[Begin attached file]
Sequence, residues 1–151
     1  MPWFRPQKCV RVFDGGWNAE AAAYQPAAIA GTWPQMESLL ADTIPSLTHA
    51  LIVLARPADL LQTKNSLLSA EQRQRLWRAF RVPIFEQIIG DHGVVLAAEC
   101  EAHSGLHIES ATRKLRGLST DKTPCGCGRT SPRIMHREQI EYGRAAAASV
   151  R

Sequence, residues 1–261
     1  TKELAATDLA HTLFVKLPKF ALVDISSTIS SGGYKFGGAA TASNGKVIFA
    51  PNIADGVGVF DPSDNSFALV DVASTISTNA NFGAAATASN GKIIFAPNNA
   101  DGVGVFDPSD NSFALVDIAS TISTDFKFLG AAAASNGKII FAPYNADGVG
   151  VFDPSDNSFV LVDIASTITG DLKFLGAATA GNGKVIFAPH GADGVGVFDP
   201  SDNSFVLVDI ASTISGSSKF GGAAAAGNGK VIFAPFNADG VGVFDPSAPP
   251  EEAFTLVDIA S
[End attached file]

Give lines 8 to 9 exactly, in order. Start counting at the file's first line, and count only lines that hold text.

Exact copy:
    51  PNIADGVGVF DPSDNSFALV DVASTISTNA NFGAAATASN GKIIFAPNNA
   101  DGVGVFDPSD NSFALVDIAS TISTDFKFLG AAAASNGKII FAPYNADGVG